Bitcoin has had its 15 minutes of fame in my view and is unlikely to be a profitable long-term pick. And gold is a useful investment perhaps, when investors fear markets may fall. But overall for the long term, putting money into profitable companies is, I believe, far more financially rewarding. If you’re reading this, hopefully you agree with that view.
While the ads featuring Winston Wolfe may catch the eye, as an investment, Direct Line (LSE: DLG) is one of those FTSE 100 companies that tends to go more under the radar than some of the more famous companies on the index such as BP and Barclays.
When it comes to its financial performance, Direct Line has ups and downs. In July, the insurer revealed that profits had dropped in the first half of its trading year, its operating profits fell 10% to £274m. Nevertheless, perhaps reflecting confidence in the future, management decided to hike up the dividend on the back of an increased number of overall policies across the UK.
I think the profit fall is just part of the nature of being in the insurance industry. For example, a government policy meant that Direct Line took a £17m hit in order to cover payouts for those who were seriously injured in accidents. In time the business will adjust to this – presumably by putting up rates – so long term, I don’t think it’ll impact the company.
With the shares currently so lowly valued, I think now could be an ideal time to buy into the shares to profit down the line when the business recovers. The shares look good value as the P/E is only nine and the dividend yield on offer to investors is over 7%.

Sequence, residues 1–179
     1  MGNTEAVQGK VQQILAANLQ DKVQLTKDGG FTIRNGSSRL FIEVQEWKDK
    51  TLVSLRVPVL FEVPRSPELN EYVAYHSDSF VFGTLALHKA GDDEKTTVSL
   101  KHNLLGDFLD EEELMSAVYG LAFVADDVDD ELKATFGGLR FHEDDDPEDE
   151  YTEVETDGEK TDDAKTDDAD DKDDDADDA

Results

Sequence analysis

On course to deliver
Water company Severn Trent (LSE: SVT) had good news for investors last month. It said it had made a “good start” to the financial year in a trading update and added that there had been no material change to the current year business performance or outlook since its full-year results announcement back in May.
Providing investors with a dividend yield of 4.7% and with the shares trading at a reasonable valuation (as shown by the P/E being around 14), I think the company looks like it has a lot to offer investors. If they become worried about the wider economy, defensive shares such as utilities will become more popular.
As a utility, Severn Trent will be in the crosshairs of a Labour government and its desire to nationalise, so there’s a risk there. For investors prepared to take the risk that nationalisation either won’t happen or wouldn’t happen in a way that would wipe out shareholders, the company provides a good income from dividends at a reasonable price, as shown by the P/E ratio. This is why I believe Severn Trent is a high-yielding share that could help you build a fortune.
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Andy Ross has no position in any of the shares mentioned. The Motley Fool UK has recommended Barclays. Views expressed on the companies mentioned in this article are those of the writer and therefore may differ from the official recommendations we make in our subscription services such as Share Advisor, Hidden Winners and Pro. Here at The Motley Fool we believe that considering a diverse range of insights makes us better investors.